A History of Wrapped Presents in Video Games
Silent night; holy night. All is calm. All is– Ooh a present!
Yes, you’d better believe it, you voted for it and you’ve now got it; we’re going to check through video games once again for another Christmas staple – Wrapped Presents. See, throughout the year, wrapping paper is an oft-forgotten part of gifting, as really it’s only Christmas wrapping paper that has some intriguing design choices.
We’re going to delve deep under the Christmas tree of video game past, in hopes to uncover some still wrapped gems. Maybe we’ll uncover a brand new game? Or perhaps we’ll uncover some more delicious wall turkey? Mmm, wall turkey.
… Sorry; last week’s ‘A History of Festive Food in Video Games’ is still on my mind.
Aura Kingdom (2013)
The most recent entry on this list goes to an MMORPG that I thoroughly adore; Aura Kingdom. Sure, it won’t go down in history as a hugely important game, but it certainly features some wrapped presents, which you get on a daily basis from the in-game item shop. Okay, they’re barely featured; but at least you get them on a pretty regular basis. Excuse me now, I need to go and login to collect my free present of 10 Aura Kingdom points… And 3 Megaphones.
Amumu – League of Legends (2009)
Making its second entry in our ‘A History of’ mini-series, Amumu has a skin in League of Legends where his head is actually encased inside of a wrapped present. Now, this is amusing, however it’s also truly an unfortunate situation. Amumu is known as ‘The Sad Mummy’, so to see him be stuck in yet another predicament is indeed a sad affair. We salute you little Amumu, I’d invite you to my party, any day!
Pyro Vision – Team Fortress 2 (2007)
As you go around in Team Fortress 2, you can collect crates in the game to replenish your ammo, allowing you to stay out on the field longer. Useful! However, when the Pyro takes to the fight and puts on their Pyrovision Goggles, you can bet that they see the most wonderful things! Those health boxes are cake! Their flames are rainbows and magic! Everyone loves the Pyro, who loves it when they locate and collect a gift-wrapped present, which is sure to bring even more joy to the Mann-fight!
Nothing says “I love you” more than a baseball bat – and nothing says free items than finding a nicely gift-wrapped box on the corner of a street, just inviting you to go and open it. Well, I guess in the real world you wouldn’t go and open random presents, but that may just be me. Ultimately, Earthbound invites kids to go around swinging their baseball bats at their neighbors, killing enemies with their PSI Rockin’ and, you guessed it, opening presents which isn’t labelled theirs.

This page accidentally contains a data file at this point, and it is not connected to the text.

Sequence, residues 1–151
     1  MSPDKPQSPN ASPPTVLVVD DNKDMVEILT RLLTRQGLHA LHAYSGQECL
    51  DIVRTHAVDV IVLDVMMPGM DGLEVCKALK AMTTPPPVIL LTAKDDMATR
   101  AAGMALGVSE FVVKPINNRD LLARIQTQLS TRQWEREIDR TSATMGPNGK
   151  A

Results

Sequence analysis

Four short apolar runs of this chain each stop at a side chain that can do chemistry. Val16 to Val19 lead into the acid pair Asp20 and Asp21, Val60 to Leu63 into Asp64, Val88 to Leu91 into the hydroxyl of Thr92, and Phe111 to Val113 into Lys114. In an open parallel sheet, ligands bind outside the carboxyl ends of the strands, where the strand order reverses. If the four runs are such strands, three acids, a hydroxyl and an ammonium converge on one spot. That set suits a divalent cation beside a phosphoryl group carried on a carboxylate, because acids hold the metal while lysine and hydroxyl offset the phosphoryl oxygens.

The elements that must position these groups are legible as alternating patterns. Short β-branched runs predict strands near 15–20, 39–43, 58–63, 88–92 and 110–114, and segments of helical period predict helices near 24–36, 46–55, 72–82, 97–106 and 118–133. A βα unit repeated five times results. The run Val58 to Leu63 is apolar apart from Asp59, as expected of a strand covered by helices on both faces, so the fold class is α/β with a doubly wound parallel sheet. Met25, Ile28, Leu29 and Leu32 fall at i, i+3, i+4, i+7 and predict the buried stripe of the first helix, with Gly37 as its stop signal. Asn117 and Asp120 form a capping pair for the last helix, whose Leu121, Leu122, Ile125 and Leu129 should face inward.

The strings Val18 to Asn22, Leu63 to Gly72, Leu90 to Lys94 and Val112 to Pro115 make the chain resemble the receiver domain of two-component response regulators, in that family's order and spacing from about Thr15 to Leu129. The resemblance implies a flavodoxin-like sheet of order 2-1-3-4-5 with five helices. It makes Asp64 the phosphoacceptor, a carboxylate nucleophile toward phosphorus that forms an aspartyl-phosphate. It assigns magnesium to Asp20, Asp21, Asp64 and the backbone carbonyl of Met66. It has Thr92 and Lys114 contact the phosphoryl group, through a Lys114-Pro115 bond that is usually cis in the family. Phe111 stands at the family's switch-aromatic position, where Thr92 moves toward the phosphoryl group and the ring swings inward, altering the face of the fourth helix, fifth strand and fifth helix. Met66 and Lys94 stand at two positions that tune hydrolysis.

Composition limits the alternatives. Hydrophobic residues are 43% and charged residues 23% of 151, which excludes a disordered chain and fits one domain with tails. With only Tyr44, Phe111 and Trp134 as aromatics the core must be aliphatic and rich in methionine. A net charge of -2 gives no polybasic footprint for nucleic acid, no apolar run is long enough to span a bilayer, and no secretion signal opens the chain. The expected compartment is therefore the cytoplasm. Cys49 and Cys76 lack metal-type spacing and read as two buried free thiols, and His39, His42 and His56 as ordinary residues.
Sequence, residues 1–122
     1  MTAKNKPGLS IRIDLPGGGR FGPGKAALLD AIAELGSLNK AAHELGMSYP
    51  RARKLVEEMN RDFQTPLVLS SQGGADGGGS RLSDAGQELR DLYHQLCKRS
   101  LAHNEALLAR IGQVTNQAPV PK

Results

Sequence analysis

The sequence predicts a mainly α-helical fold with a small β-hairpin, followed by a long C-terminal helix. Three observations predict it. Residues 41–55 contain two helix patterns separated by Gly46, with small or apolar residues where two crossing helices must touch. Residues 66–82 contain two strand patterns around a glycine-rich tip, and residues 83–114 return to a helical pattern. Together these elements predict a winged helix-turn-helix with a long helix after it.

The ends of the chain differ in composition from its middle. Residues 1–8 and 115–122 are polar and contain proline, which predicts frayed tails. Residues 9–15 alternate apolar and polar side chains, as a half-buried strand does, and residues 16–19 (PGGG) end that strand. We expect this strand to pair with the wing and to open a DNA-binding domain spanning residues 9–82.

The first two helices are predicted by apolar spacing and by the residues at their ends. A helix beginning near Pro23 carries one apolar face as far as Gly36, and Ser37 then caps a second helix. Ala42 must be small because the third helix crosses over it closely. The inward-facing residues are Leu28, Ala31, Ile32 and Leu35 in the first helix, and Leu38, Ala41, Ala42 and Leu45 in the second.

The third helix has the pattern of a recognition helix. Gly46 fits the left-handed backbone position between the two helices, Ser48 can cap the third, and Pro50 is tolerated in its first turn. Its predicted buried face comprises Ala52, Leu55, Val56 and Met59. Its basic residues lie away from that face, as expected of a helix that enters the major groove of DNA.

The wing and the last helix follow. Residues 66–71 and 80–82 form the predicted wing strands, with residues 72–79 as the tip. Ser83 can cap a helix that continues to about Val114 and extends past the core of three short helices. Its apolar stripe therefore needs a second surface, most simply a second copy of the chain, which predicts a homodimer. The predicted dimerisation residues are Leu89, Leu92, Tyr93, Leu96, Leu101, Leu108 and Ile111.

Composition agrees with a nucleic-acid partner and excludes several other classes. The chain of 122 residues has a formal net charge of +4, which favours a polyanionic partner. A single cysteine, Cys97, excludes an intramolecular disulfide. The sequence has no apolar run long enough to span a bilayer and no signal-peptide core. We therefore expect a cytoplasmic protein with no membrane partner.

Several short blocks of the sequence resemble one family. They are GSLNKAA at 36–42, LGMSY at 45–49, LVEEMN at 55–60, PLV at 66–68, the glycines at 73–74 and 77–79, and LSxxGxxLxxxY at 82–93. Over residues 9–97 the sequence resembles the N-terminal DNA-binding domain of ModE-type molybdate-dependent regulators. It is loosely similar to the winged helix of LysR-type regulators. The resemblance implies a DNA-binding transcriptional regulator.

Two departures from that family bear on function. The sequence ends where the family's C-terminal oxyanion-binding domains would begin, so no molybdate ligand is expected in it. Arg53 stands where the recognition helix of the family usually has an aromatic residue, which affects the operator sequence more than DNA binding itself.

James Pond II (1991)
Possibly the most obscure on this list, James Pond was a series of games for the SNES, along with the Sega MegaDrive/Sega Genesis. In James Pond, you play as the titular character as you basically fight monsters in Santa’s toy factory. Throughout the game, there are many a collectable item, including, you guessed it, a wrapped gift of some sort. Play as James as you extend your body to unusual lengths – and jump on your foes to victory.
I thought last week was hard with Festive Food; but this week was even harder still. By typing in ‘Presents in Video Games’, you get results for presents to get gamers (Hey, stay tuned for tomorrow’s Top 10 – Gifts for Gamers!) If you type in ‘Gifts in Video Games’, you find lots of in-game gifts you can give – But no wrapped gifts!
That’s it; that was the last of our A History of Christmas in Video Games. However next week, we’ll be looking at A History of New Years in Video Games, so please get involved with the votes below to determine what element of New Years we’re going to look up in video games.
As ever, thanks very much for reading – If you can think of any other notable examples of Wrapped Presents in video games, let me know in the comments below. Do you remember or at least know about the above iterations of Wrapped Presents? Share your thoughts below or over on Facebook and Twitter.
Oh – and have a very merry Christmas, one and all.